For sale in North America
Self-Sufficient Herbalism is the first definitive guide to the growing, gathering, and preserving of medicinal herbs for a working dispensary. Practical herbal skills are traditionally passed down from teacher to student, yet opportunities for learning in this way are very limited. This book is an important contribution to preserving fundamental aspects of traditional herbal medicine.
It is divided into three sections:The first section explains why self-sufficiency in herbal practice is beneficial, with chapters on environmental benefits, quality, connection with plants, and continuity of supply and business implications.The second section explains how to achieve self-sufficiency, with chapters on wild crafting, growing, harvesting, drying, storage, and processing. The third section is a glossary with detailed notes on the cultivation, harvesting, and processing of 108 particular herbs, arranged by season.
Besides being a practical guide, this book explores the deeper implications of self-sufficient herbalism. When we move toward herbal self-sufficiency, we become more closely connected with and respectful of the plants we work with and their environment. We reduce our environmental impact, and contribute to the conservation of scarce and endangered species. The process of growing and gathering herbs nourishes us and provides balance as we face the demands and challenges of treating patients, enabling us to help more people. All in all, the process of self-sufficient herbalism is much more than just sourcing herbs locally; it can be totally transformative personally and professionally.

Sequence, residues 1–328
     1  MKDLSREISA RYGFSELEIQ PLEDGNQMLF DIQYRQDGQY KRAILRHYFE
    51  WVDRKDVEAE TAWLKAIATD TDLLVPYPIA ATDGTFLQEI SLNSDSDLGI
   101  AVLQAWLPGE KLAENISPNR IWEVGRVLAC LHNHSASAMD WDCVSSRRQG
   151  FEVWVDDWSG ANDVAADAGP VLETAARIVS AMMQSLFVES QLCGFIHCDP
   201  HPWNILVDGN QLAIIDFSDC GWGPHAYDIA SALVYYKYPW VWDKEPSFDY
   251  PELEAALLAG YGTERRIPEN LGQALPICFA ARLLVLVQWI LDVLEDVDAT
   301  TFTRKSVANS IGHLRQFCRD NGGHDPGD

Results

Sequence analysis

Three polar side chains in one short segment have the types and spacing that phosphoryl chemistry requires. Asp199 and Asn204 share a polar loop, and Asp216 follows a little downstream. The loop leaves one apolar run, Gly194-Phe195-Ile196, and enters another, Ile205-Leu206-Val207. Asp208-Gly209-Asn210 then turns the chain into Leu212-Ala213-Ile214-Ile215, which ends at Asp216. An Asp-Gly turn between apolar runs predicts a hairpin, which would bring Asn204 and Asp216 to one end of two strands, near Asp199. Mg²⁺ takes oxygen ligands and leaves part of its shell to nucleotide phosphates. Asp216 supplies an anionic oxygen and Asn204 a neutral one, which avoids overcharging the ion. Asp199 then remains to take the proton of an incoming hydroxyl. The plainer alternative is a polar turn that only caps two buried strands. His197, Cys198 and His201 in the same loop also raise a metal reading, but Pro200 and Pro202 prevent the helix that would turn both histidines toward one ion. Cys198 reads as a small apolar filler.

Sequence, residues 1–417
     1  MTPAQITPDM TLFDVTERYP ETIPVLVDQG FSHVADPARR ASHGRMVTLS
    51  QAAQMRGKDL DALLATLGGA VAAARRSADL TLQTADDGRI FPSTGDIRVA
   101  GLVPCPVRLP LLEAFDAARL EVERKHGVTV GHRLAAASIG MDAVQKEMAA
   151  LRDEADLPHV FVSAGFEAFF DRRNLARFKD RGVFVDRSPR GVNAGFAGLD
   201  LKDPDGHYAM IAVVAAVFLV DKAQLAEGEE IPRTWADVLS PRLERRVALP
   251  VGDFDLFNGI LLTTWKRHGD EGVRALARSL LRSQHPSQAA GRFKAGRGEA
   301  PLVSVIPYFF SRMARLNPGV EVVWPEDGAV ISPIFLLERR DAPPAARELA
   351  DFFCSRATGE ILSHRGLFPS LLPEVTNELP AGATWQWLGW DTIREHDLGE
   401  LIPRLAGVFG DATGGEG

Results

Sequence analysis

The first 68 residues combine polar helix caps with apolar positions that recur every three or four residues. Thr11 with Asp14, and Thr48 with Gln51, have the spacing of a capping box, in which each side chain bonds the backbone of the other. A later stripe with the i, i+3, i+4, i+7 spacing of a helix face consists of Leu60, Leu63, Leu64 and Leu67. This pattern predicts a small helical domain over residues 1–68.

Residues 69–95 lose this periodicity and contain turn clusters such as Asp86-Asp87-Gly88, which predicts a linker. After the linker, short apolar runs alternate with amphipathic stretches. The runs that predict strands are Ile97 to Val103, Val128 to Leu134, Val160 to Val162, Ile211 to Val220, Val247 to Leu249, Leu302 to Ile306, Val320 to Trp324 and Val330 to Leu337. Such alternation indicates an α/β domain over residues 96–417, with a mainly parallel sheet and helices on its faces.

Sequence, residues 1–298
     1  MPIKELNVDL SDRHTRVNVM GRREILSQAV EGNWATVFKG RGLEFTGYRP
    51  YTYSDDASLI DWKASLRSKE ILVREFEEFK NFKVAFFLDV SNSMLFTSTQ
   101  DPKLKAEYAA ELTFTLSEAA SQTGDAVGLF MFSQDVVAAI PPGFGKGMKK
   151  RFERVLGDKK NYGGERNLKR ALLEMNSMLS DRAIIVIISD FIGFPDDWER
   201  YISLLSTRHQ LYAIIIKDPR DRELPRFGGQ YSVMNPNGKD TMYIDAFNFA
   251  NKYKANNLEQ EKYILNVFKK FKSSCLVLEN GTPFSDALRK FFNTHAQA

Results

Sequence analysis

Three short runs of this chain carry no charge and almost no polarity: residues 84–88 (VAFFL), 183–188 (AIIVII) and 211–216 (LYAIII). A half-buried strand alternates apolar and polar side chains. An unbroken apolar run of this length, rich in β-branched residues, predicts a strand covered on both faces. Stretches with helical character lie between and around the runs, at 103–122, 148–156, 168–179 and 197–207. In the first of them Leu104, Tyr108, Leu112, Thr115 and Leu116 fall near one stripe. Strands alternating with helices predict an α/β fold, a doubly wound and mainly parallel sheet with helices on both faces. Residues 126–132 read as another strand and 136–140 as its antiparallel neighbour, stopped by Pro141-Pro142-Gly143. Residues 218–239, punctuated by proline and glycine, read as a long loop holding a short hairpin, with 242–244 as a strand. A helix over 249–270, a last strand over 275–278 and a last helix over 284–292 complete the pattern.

Medical herbalist Lucy Jones shares her own personal experiences of following this path and shows how working closely with herbs has changed her. It is a must-read for practicing herbalists, herbal students, herb gardeners, and anyone who loves herbs.
|Lucy Jones is a medical herbalist with a busy high street practice in Somerset, UK. She grows or gathers the majority of her herbs and is a passionate proponent of self-sufficient herbalism. Prior to qualifying in western herbalism, she studied Tibetan medicine with the great master Khenpo Troru Tsenam. This experience deeply influences her approach to therapeutic practice as well as the way she grows and processes her herbs. She originally trained in agriculture and forestry and has two degrees from the University of Oxford. Visit her online at www.myrobalanclinic.com.|
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